Photographers, who create art through their photography, spend a great deal of time evaluating the scene they are about to shoot. How much to include or exclude, what piece of the scene is important, and how much clarity of the background do they want in the picture. They create nuance or aesthetic feeling by the type of light they use, how much of it, and whether or not it is a prominent piece in their final picture.
Most of our lives, we are surrounded by thoughts and words. Without thought, they enter and leave our lives throughout our day. We don’t have the advantage a photographer has in searching for the right scene to photograph. Our thoughts and words weave in and out of our lives, most times, without invitation. A new email, Facebook post, or text message propels us instantly into a new direction. Other times we need words and use them thoughtfully when working on a project or learning something new.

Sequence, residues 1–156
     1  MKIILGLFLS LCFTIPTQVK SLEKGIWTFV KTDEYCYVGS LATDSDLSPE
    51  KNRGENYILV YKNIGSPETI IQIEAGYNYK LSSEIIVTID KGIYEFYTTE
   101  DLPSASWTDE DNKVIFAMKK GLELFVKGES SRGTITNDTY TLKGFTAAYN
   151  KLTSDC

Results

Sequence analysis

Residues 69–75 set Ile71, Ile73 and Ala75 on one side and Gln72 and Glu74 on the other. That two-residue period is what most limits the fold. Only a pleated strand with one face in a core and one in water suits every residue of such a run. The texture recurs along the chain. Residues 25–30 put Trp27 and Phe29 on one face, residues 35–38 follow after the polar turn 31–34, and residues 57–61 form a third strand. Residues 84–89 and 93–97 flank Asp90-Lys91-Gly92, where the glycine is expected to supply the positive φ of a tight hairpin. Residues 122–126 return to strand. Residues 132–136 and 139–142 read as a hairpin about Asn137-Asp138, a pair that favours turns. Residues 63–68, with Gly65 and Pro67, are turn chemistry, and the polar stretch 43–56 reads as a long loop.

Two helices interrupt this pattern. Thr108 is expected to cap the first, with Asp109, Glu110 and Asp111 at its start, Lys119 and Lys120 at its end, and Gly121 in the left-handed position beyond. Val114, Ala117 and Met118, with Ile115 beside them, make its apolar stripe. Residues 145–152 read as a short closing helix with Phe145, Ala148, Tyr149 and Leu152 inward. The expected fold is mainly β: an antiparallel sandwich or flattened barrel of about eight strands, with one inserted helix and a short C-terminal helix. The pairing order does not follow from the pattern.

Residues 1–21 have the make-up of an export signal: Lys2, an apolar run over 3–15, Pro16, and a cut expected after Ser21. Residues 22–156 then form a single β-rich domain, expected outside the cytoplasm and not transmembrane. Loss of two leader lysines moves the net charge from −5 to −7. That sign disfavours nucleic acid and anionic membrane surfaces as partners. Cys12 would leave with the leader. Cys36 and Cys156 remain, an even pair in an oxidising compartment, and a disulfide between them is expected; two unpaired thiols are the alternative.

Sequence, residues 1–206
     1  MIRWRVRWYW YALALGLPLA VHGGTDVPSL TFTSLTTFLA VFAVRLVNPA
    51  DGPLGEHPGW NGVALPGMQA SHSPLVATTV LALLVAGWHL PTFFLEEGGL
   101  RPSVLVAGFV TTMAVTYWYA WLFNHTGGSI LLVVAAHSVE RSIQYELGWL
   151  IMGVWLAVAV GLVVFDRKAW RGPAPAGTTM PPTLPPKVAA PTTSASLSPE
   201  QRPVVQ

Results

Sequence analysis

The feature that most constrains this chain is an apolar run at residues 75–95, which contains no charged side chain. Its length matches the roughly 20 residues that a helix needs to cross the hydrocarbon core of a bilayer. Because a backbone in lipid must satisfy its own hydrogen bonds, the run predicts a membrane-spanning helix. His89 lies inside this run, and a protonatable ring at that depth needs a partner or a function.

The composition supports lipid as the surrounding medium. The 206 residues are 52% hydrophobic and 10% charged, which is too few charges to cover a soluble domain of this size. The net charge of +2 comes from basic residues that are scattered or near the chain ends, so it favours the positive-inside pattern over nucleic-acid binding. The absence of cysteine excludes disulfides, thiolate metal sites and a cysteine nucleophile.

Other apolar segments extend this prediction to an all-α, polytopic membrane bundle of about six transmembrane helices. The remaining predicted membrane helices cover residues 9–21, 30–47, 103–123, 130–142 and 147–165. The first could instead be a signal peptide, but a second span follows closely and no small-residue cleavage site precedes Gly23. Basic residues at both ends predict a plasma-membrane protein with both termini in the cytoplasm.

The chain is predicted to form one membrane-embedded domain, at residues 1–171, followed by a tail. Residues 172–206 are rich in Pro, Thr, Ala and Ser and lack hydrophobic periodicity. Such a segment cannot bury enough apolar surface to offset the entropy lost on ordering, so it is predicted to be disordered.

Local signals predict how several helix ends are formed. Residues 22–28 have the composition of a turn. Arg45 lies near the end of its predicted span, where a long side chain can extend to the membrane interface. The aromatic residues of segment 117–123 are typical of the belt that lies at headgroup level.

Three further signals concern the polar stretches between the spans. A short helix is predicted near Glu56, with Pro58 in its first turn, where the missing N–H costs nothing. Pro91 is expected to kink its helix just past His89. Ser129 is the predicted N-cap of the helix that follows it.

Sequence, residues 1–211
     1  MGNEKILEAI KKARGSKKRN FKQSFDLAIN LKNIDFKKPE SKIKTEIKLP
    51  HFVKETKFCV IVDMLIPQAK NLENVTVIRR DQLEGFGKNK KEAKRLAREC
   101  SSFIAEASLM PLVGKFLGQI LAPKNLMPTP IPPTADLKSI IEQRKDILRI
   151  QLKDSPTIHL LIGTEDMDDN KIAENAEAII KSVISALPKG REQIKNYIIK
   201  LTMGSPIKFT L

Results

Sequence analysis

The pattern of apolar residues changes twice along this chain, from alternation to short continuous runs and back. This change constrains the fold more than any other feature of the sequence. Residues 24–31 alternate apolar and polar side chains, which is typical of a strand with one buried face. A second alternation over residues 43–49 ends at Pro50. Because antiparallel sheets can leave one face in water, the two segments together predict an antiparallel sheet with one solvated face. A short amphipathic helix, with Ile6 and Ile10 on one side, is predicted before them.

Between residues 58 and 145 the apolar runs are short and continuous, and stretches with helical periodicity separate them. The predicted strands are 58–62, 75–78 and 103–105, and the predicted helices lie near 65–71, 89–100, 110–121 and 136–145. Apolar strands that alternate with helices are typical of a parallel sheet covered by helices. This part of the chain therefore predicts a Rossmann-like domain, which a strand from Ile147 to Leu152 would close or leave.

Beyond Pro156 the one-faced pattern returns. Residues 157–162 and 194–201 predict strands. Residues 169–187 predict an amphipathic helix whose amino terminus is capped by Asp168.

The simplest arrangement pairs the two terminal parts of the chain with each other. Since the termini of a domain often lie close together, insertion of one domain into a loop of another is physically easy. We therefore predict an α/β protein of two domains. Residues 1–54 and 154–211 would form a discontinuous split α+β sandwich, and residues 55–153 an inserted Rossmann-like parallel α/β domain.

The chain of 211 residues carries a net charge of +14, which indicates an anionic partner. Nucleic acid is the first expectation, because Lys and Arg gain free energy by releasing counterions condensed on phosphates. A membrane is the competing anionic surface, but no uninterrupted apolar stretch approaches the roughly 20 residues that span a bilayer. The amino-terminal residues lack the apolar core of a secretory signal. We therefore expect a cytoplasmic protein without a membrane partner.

Words, on their surface, are all equal. When looking them up in a dictionary you will find that they all are printed with the same type where none are highlighted for importance. They resemble a pile of bricks that lay waiting to be used at a new construction site.
Remember, words are around us constantly through our day. In the words of the song we are listening to. In the rant of a friend that is frustrated by their situation. In the silence within a relationship when we try to fill in the words we believe are missing. In the meeting room we are sitting in at this moment.
The challenge for us is to focus our lens so that we find the things within the myriad of words we are bombarded with that are either important or helpful. To use words carefully to help us create a picture that we would like to complete and live in. To use our lens when focusing to determine the credibility of the words we are attracted to as well as to understand when we should doubt what we either see or hear.
To look for what is missing or biased. Judgmental or emotional. Important yet incomplete. Worthy of exploration or not worthy of your time. Nonsense or possibility. Do we believe or not believe?
Ours is the much harder job than the photographer’s. For there are so many things to consider. We don’t have the physical lens in front of us to remind us that focusing our lens, around the words, thoughts, and ideas that drown our lives with information, measured against what we hope to achieve, is the key to making sense and moving forward in a world that seems so overwhelming at times.